The City of Muskogee is moving toward green energy as their Civic Center becomes one of the first municipal buildings in Oklahoma to run partially on solar polar.
From the street, the Muskogee Civic Center looks like it always has, but up on the roof, it's a different story. It’s now covered in nearly 900 solar panels, one of the largest rooftop arrays in Oklahoma according to ArrowPoint Co-Owner Shawn Roberts.
"This size of a system would power about 36 average homes, to give you perspective of how much power this produces in a year’s time," said Roberts.
Roberts said that's enough power to cut the energy bill for the Civic Center by about half, which will prevent 340,000 pounds of coal from being burnt every year. Muskogee Mayor Marlon Coleman said it's a big step for the city.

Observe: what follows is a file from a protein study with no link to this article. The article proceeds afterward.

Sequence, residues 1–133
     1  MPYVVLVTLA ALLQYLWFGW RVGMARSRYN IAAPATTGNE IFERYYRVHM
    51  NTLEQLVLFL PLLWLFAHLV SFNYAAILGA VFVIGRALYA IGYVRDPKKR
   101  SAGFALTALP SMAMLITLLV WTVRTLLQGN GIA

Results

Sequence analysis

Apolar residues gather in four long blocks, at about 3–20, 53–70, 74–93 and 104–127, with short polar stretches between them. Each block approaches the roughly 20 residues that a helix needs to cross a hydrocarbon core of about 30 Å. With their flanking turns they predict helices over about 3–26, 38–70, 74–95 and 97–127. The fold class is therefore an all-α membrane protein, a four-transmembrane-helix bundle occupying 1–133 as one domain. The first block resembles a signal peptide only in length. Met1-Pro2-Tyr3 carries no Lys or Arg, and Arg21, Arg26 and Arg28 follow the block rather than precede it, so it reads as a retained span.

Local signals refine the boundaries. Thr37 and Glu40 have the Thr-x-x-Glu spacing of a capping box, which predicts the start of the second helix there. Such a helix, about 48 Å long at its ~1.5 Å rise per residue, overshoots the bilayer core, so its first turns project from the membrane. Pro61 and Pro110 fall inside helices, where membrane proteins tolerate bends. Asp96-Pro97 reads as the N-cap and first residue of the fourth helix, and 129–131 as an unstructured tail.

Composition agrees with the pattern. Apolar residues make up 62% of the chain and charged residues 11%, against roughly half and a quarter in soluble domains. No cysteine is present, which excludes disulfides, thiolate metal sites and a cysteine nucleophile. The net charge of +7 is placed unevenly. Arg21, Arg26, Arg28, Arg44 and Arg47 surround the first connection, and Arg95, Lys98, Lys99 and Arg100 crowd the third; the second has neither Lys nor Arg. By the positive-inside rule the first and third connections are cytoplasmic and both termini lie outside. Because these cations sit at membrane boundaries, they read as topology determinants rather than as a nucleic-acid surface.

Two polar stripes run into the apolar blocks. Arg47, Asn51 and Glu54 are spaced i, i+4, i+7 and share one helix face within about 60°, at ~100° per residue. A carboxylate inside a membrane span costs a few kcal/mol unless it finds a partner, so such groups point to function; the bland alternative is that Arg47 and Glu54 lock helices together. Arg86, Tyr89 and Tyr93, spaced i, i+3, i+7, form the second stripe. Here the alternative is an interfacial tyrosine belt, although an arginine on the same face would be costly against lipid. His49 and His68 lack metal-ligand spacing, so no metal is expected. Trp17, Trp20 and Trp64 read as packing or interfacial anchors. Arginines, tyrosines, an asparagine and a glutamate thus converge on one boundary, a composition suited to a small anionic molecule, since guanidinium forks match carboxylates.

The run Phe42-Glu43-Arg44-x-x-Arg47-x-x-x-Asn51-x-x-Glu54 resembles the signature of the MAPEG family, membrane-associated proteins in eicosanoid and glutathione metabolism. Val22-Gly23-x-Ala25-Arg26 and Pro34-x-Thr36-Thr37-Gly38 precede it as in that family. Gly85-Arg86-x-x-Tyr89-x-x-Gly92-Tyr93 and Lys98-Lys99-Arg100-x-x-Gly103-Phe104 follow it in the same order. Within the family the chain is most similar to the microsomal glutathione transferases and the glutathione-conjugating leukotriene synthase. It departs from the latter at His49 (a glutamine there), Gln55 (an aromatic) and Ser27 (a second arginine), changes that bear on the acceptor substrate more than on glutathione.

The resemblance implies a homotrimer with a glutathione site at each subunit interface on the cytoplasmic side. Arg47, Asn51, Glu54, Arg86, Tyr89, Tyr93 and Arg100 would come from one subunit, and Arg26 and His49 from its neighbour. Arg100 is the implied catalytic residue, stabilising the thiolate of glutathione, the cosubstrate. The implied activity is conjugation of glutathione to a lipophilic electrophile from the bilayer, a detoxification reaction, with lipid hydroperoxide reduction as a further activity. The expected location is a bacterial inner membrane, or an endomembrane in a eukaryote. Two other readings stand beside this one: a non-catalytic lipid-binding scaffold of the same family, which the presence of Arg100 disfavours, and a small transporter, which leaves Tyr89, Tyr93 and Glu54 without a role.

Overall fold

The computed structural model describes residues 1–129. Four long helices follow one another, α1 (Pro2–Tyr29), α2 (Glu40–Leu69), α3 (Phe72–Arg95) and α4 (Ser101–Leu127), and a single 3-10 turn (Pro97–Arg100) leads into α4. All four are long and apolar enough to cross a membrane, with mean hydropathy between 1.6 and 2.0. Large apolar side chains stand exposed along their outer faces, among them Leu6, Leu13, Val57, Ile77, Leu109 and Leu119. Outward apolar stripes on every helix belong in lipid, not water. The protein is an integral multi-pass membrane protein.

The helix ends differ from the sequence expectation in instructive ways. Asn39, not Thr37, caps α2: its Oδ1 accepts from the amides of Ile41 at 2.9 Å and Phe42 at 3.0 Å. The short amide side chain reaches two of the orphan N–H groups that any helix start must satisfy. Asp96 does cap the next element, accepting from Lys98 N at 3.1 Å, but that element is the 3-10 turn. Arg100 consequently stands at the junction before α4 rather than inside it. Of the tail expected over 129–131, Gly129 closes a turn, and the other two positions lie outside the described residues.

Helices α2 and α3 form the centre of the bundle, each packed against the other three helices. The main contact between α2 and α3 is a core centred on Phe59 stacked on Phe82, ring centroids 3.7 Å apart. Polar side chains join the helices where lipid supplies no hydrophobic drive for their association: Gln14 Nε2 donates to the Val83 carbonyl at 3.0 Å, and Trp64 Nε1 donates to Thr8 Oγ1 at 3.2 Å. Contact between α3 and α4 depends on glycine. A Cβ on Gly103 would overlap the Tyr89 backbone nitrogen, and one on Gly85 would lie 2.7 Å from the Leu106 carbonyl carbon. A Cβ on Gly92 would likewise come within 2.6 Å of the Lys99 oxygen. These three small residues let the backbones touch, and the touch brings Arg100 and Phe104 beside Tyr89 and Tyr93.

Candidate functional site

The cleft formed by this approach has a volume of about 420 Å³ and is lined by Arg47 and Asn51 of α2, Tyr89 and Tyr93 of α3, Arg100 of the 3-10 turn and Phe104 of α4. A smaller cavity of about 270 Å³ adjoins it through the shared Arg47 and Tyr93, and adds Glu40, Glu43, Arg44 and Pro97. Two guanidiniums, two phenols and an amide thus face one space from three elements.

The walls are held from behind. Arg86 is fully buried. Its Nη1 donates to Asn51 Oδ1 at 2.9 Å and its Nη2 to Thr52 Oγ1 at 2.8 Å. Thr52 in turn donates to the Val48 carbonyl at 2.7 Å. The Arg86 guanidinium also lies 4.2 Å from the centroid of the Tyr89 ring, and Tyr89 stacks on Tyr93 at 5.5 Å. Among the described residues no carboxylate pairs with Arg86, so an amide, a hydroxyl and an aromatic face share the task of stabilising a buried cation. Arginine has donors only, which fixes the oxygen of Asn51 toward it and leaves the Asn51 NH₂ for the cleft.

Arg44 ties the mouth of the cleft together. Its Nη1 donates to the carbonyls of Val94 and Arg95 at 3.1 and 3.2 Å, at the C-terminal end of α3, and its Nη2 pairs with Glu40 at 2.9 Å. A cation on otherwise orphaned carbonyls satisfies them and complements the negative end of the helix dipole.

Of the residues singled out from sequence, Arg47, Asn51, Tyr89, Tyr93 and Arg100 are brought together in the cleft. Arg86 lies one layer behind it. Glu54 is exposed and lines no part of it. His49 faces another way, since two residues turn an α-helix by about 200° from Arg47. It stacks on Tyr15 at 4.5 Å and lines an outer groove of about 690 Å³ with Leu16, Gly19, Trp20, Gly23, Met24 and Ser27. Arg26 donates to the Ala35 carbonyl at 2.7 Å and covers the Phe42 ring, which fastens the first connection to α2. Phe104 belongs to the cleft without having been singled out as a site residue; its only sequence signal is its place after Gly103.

"For us to move forward as a community with this solar panel project says that our community is one that's ready to address the needs of the future while taking the necessary steps in the present," Coleman said.
The project is costing the city almost half a million dollars, but Roberts said they'll make that back in about 10 years. Roberts said the system could save the city a total of $2 million after 30 years.
"These steps that are taken by the council and the city manager and his staff will go a long way to being certain that Muskogee remains a viable community for generations to come," Coleman said.
The mayor hopes this project will lead to other solar projects across the city. The system is expected to be up and running next week.